Just like most places in the world, October and November are when the leaves start to really change in Japan. You’ve never seen a magnificently multicolored landscape like the one’s along the Japanese countryside in autumn. The temperatures cool, and Halloween celebrations are becoming more common so if you love flannel and spooky stuff, this is a great time. Just keep in mind that the Japanese are experts at being scary and haunted attractions are on a whole other level!
- Cooler weather
- Dive season ends
- Great time to see deer in Nara
- Halloween Horror Nights at Universal Studios Japan
If you love train rides, this is the perfect time to see the fall foliage across Japan. Try to get a good window seat so you can just sit back and soak in the beauty. You can make reservations on the Shinkansen or even the Hello Kitty train. We love the route between Osaka and Hiroshima!
Who wouldn’t want to spend Christmas in Japan? Actually, when I arrived on my very first trip more than 20 years ago, it was Christmas Eve. It’s such a beautiful time, but expect winter weather — and an unfathomable obsession with eating KFC for Christmas dinner. The whole country is chowing down on fried chicken on December 25th!
- Cold, snowy conditions
- Peak cold and flu season
- Tourism is high
Even if you’re bundled up with a runny nose, though, you’ll probably weep at the sight of a snow-covered temple or shrine. It really is that breathtaking! Your body might be chilled to the bone, but being in Japan during the holiday season will warm your heart.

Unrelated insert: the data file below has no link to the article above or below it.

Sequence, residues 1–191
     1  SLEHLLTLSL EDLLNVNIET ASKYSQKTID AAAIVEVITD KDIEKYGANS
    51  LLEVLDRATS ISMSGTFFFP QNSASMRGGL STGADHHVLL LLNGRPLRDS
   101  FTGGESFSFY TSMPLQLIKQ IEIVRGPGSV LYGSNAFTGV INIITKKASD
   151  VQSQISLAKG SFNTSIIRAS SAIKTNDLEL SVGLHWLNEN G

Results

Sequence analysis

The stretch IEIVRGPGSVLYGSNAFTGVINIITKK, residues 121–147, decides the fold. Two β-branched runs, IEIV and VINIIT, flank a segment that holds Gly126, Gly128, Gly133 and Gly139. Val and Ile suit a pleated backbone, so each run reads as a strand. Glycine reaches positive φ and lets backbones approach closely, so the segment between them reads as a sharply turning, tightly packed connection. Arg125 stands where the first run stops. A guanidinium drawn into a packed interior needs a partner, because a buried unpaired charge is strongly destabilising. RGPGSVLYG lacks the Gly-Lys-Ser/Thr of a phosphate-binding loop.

Personally, I think May and September are the best times to visit Japan because the weather is decent and it’s just outside of the sick season. You know us anxious travelers — we love seeing the world, but we’ve got our boundaries. Truth be told, though, I’d move to Japan in a heartbeat so I guess any time of year works for me!
- What to Pack For Your First Trip to Japan
- 10 Important Things You Need to Know Before Visiting Japan For the First Time
- 5 Simple Tips for Surviving Japan’s Rainy Season
- 7 Must-Do Tips for Visiting Dotonbori
- Why You Need to Eat at Convenience Stores in Japan
- 7 Life-Changing Ways Japan Helped My Anxiety and OCD
- 10 Insider Tips for Visiting Fuji-Q Highland in Japan
- 12 Time-Saving Tips for Universal Studios Japan
- The Knot Tokyo Shinjuku: Should You Stay Here?
- Universal Port Hotel: A Wonderful Stay at Universal Studios Japan